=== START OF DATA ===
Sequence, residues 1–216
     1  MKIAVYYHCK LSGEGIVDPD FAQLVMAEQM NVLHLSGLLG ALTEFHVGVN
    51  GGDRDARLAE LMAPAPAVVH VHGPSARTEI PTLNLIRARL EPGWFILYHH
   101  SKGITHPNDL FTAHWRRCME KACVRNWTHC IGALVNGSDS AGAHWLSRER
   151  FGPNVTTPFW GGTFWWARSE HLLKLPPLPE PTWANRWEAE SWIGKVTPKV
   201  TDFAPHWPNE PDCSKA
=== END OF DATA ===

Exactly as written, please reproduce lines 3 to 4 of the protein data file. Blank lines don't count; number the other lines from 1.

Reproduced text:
    51  GGDRDARLAE LMAPAPAVVH VHGPSARTEI PTLNLIRARL EPGWFILYHH
   101  SKGITHPNDL FTAHWRRCME KACVRNWTHC IGALVNGSDS AGAHWLSRER